1. Thank you, Belinda. I hope you had a lovely Easter!

  2. I think I could eat chicken pot pie every day of the week. Mmmm. And I look forward to hearing about the variations of meringues that you will make. There are a bazillion options!

    1. Hi Kris,
      I know. I love pie of any sort, so chicken pot pie is a favorite of mine, too.

  3. I'm with Kris. I could eat chicken pot pie every day of the week. But of course, your meals, Lili, have a lot more variety in the them. Once again, you are providing great meals for your family and with a small budget.

    1. Hi live and learn,
      Thanks. I'm working at it.

  4. YAYYY I'm so glad the sorrel pesto worked out for you!!! Yours sounds even better than the restaurant's. Pine nuts, mmmmm.

    Your almost-vegan chili sounds like the perfect use for the meatloaf beef fat you saved. This is my favorite way to cook--by imparting some meat flavor into a dish by using animal fat or a very small piece of meat (like some chopped bacon or ground beef) to start the dish.

    And your daughters' cake for your birthday sounds lovely! German chocolate is my husband's favorite, too.

    1. Hi Allie,
      We loved the sorrel pesto. I used the last of the pine nuts, but we still have almonds, so I may make more sorrel pesto before the leaves get too tough. Thanks, again, for the suggestion!

  5. Happy Birthday, Lili! My husband's birthday was yesterday. It was a work day for him & we had church services last night, so the celebration was a quick meal of grilled brats at home before dashing out the door.

    Your meals sound so good. We are huge chicken pot pie fans here. Your Easter dinner sounds like it's going to be lovely. You've done so well on a very tight budget.

    Happy Resurrection Day to you & your family, Lili. He is risen! Love, Melissa

    1. Thank you, Melissa. Oh, happy, happy to your husband! Grilled brats sounds like a winner of a birthday dinner, even if the evening was a busy one.
      I hope you and your family had a lovely Easter!

  6. Happy Easter!

    I had Friday off from work and due to my busy day at home I did not have time to see your post!

    I'm wondering how would you handle finding a really good deal on your new low budget? For instance, I was out and about Friday and came across football sized turkey breast (the kind used for slicing thinly for luncheon meat). The were not sliced but whole and cooked. They were $4 something but under $5 for the entire turkey. I bought three of them and sliced them rather thickly so we could use them as a meal. I then froze them for future meals. Would you be able to find enough in the budget knowing they would be used for a couple of months down the road? That was a deal to not pass by and we've been munching on that the entire weekend. Sandwiches, snack, and tonight I'll be making a pasta turkey salad as a side dish. Even my mom wanted a few slices since she can eat it but dad can't. Sometimes deals are too hard to pass up.


    1. Thank you, Alice. Happy belated Easter to you, too!

      As for what I do when I find a great deal after I've spent or allocated the budget -- this is the best that I've come up with for now. First, I don't buy nearly as much as I might have before this period. So I reduce what I buy. And second, I borrow from the next month's budget, if and only if, the item is in a category that I would have bought anyway. So, I won't stock up on soda pop, no matter how cheap. But, if the item is a regular item, and I find a much lower price, then I borrow from the next month AND I put the item away until the next month. Here's an example -- I had a $10 coupon to use at Target. Target had peanut butter cheaper than I can find at Fred Meyer (even with the Senior discount), and I had already spent my money allocated for peanut butter for the month. But I went ahead and bought 4 large jars of peanut butter, using the coupon for most of the purchase, but spending an additional $1-something. Even though I had the $10 coupon to use, I am still figuring the $10 into the next month's budget, as I had already taken the $10 savings into account when I made the purchase which netted that coupon. So, next month, I'll have $11.17 less to send once May begins, but I will have stocked up on peanut butter. Since I am actively trying to buy stock-up amounts of a few foods each month, the peanut butter will now have to be one of those foods for May.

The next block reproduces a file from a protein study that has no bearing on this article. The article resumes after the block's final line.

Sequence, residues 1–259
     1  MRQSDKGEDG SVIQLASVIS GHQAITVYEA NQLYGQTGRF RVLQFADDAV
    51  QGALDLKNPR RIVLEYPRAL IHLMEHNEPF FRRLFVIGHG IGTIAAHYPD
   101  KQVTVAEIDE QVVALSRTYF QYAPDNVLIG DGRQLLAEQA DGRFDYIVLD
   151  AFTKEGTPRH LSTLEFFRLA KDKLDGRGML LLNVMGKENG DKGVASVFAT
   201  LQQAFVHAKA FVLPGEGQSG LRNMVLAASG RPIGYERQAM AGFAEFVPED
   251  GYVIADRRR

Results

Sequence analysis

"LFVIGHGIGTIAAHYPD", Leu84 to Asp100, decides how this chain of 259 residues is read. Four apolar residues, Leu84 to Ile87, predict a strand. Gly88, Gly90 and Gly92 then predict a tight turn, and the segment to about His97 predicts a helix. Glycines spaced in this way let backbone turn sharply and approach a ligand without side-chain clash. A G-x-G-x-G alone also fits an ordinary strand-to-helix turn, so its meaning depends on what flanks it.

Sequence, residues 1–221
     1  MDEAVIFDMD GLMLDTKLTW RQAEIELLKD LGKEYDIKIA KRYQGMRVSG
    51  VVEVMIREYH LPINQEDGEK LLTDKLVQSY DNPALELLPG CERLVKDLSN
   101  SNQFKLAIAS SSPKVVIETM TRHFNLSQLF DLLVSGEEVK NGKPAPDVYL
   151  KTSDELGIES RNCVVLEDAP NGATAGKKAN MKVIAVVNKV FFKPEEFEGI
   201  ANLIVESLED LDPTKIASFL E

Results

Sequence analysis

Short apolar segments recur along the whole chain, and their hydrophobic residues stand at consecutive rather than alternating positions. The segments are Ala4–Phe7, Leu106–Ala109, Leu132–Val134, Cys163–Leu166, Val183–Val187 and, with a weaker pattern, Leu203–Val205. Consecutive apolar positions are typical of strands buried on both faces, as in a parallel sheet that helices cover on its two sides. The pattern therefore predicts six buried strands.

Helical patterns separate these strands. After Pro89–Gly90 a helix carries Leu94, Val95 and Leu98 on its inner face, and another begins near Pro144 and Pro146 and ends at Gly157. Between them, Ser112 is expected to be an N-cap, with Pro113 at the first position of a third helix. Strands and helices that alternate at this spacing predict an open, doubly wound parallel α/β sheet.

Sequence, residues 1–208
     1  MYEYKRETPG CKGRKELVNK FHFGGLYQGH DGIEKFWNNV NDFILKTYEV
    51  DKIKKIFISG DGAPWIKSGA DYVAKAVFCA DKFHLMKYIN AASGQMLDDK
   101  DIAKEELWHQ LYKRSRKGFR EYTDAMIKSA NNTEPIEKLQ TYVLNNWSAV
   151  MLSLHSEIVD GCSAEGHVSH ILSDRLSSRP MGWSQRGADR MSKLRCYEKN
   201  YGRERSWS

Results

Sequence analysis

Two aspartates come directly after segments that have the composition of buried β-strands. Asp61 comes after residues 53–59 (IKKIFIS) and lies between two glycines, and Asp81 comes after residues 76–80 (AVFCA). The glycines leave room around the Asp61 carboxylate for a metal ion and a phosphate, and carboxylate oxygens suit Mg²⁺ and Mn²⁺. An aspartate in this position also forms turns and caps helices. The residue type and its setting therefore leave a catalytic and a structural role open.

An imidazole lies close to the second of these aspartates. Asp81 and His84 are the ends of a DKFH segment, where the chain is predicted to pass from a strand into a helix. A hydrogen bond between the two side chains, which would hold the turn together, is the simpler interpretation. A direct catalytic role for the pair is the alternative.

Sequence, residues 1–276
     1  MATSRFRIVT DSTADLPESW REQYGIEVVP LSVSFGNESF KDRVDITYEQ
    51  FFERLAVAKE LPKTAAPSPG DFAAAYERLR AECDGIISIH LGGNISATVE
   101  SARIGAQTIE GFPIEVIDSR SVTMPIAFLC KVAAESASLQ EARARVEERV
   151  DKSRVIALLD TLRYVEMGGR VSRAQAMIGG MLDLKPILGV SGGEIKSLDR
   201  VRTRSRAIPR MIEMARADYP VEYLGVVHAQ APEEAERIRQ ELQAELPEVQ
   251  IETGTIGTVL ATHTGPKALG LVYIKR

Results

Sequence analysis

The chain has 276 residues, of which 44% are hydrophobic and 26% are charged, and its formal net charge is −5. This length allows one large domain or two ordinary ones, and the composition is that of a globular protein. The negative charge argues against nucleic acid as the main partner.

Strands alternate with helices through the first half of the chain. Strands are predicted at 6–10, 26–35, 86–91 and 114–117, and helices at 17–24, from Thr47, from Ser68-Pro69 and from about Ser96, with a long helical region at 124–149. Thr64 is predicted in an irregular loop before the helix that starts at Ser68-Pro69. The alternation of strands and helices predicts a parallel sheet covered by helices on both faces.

When I spent the $11.17 for peanut butter, I made up my May grocery list/budget and listed the peanut butter, so there's no way I can ignore that I spent that amount. In addition, we will run out of peanut butter this month. However, my family understands that the Target peanut butter is reserved for May and June, and possibly July. We will eat other foods when the peanut butter is gone, likely bean spreads and eggs. In future months, I hope to set aside a little bit of money for those great deals. But that will take another few months of stocking up on the basic foods.

      One other example of how I'm currently handling finding great deals comes from my March grocery shopping. Early in the month, when I still had almost the whole month's budget to spend, I was shopping at Fred Meyer and found the ground beef on sale for 89 cents/lb. That's an unheard of price, so I made an on-the-spot decision to alter my list to accommodate the beef. I deleted a few items so that I could buy 21 lbs of beef, as I knew that I would regret not buying it when I had a chance. I didn't buy all of the beef that I found marked down, but an amount that I could spare once I had deleted some other items from my list.

      You deal on turkey breasts sounds really great. I can see how you wouldn't want to pass that one up.